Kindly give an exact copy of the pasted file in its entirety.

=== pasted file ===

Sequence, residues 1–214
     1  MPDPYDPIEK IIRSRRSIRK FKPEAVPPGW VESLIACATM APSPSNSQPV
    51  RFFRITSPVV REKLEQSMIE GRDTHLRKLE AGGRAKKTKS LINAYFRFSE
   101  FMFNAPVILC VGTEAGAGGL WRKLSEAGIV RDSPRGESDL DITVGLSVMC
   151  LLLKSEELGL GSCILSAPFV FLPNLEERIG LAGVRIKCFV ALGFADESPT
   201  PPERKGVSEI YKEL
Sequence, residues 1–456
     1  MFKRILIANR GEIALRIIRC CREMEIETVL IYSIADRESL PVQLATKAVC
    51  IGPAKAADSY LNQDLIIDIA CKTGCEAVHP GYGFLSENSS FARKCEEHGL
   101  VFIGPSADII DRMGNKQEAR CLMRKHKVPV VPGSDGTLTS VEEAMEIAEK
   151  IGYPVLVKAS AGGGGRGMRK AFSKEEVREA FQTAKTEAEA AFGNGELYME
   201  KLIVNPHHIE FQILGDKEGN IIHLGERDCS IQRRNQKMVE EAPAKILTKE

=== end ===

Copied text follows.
Sequence, residues 1–214
     1  MPDPYDPIEK IIRSRRSIRK FKPEAVPPGW VESLIACATM APSPSNSQPV
    51  RFFRITSPVV REKLEQSMIE GRDTHLRKLE AGGRAKKTKS LINAYFRFSE
   101  FMFNAPVILC VGTEAGAGGL WRKLSEAGIV RDSPRGESDL DITVGLSVMC
   151  LLLKSEELGL GSCILSAPFV FLPNLEERIG LAGVRIKCFV ALGFADESPT
   201  PPERKGVSEI YKEL
Sequence, residues 1–456
     1  MFKRILIANR GEIALRIIRC CREMEIETVL IYSIADRESL PVQLATKAVC
    51  IGPAKAADSY LNQDLIIDIA CKTGCEAVHP GYGFLSENSS FARKCEEHGL
   101  VFIGPSADII DRMGNKQEAR CLMRKHKVPV VPGSDGTLTS VEEAMEIAEK
   151  IGYPVLVKAS AGGGGRGMRK AFSKEEVREA FQTAKTEAEA AFGNGELYME
   201  KLIVNPHHIE FQILGDKEGN IIHLGERDCS IQRRNQKMVE EAPAKILTKE